What is agranulocytosis?
A blood disorder characterized by low levels of white blood cells (granular leukocytes) in the circulating blood. The condition is usually caused by certain drugs especially chemotherapy drugs.
What are the symptoms for agranulocytosis?
The first symptoms of acquired agranulocytosis are usually those associated with a bacterial infection such as general weakness, chills, fever, and/or extreme exhaustion. Symptoms that are associated with rapidly falling white blood cell levels (granulocytopenia) may include the development of infected ulcers in the mucous membranes that line the mouth, throat, and/or intestinal tract. Some people with these ulcers may experience Difficulty swallowing due to irritation and pain.
Granulocytopenia causes a concurrent decrease in the number of neutrophils in the circulating blood (neutropenia). As neutrophil levels decrease, the susceptibility of patients with acquired agranulocytosis to bacterial infections becomes even greater. Fevers and abnormal enlargement of the spleen (splenomegaly) are characteristic features of neutropenia. If neutropenia is not treated, bacterial infections can lead to life-threatening complications such as bacterial shock or bacterial contamination of the blood (sepsis.) (For more information on this disorder, choose “Neutropenia” as your search term in the Rare Disease Database.)
Chronic acquired agranulocytosis generally progresses more slowly than acquired agranulocytosis. Canker sores in the mouth and chronic inflammation of the gums (gingivitis) may be recurring symptoms. Other systemic infections may recur regularly.
What are the causes for agranulocytosis?
Acquired agranulocytosis can be caused by drugs, chemicals, infections, immune system dysfunction, or other factors. The mechanism of how the disease develops is not completely clear, and probably depends on the initiating event.
What are the treatments for agranulocytosis?
Filgrastim (Neupogen) has been designated an orphan drug and approved by the U.S. Food and Drug Administration (FDA) for the treatment of severe, chronic neutropenia; and it has become a standard treatment for acquired agranulocytosis. Filgrastim is one of a class of colony-stimulating factors that does, indeed, stimulate the proliferation and differentiation of neutrophils. It is manufactured by Amgen, Inc., using recombinant DNA technology.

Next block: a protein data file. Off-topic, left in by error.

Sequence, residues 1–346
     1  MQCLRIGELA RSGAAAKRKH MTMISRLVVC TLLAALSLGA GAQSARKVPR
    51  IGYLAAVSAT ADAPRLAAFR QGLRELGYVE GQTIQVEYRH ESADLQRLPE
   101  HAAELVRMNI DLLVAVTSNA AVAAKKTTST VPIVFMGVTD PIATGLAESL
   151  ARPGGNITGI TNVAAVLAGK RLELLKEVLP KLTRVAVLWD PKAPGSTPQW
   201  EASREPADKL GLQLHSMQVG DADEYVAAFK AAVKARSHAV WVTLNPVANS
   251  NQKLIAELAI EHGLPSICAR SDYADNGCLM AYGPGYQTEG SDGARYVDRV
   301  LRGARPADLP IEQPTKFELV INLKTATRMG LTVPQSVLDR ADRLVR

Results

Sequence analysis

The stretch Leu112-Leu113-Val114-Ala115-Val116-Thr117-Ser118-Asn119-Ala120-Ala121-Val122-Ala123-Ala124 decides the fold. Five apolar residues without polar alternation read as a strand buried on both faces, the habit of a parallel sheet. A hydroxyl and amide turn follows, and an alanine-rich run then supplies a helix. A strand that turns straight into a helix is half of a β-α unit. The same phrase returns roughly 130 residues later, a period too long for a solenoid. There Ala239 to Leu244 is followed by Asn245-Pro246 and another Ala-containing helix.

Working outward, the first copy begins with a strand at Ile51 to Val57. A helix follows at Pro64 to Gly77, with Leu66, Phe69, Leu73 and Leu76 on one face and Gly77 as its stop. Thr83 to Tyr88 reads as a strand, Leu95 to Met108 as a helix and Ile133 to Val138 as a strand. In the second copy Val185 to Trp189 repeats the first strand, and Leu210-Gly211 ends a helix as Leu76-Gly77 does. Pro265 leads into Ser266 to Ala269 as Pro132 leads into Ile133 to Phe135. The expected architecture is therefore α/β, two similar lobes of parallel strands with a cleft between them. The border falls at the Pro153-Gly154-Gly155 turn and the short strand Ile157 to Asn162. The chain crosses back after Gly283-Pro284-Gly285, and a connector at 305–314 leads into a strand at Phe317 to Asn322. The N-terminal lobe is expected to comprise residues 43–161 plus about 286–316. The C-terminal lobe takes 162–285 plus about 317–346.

The treatment of acquired agranulocytosis includes the identification and elimination of drugs or other agents that induce this disorder. Antibiotic medications may also be prescribed if there is a positive blood culture for the presence of bacteria or if a significant local infection develops.
Treatment in adults with antibiotics should be limited to about 7-10 days since longer duration carries with it a greater risk of kidney (renal) complications and may set the stage for a new infection. When granulocyte levels return to a near normal range, fever and infections will generally subside.
There is no definitive therapy that can stimulate bone marrow (myeloid) recovery. Corticosteroids are sometimes used to treat shock induced by overwhelming bacterial infection. However, these drugs are not recommended for the treatment of acute agranulocytopenia because they may mask other bacterial infections.
People with abnormally low levels of immune factors in their blood (hypogammaglobulinemia) associated with acquired agranulocytosis are usually treated with infusions of gamma globulin.
Mouth and throat ulcers associated with acquired agranulocytosis can be soothed with gargles of salt (saline) or hydrogen peroxide solutions. Anesthetic lozenges may also help to relieve irritation in the mouth and throat. Mouthwashes that contain the antifungal drug nystatin can be used to treat oral fungal infection (i.e., thrush or candida). A semi-solid or liquid diet may become necessary during episodes of acute oral and gastrointestinal inflammation. (For more information on this disorder, choose "Candidiasis" as your search term in the Rare Disease Database.)
People with chronic granulocytopenia associated with acquired agranulocytosis need to be hospitalized during acute episodes of infection. These affected individuals should be taught to recognize the early symptoms and signs of acute infection and to seek immediate medical attention when necessary. The therapy for chronically affected individuals is similar to that for the acute form of the disease. People with chronic granulocytopenia, who take low-dose oral antibiotics on a rotating basis, must also be monitored for the infections caused by drug-resistant bacteria as well as infections with opportunistic organisms (e.g., fungi, cytomegalovirus).
What are the risk factors for agranulocytosis?
Women are more likely to develop agranulocytosis than men are. It can occur at any age. However, inherited forms of the condition are more often found in children, who usually pass away from this condition well before reaching adulthood. Acquired agranulocytosis occurs most frequently in older adults.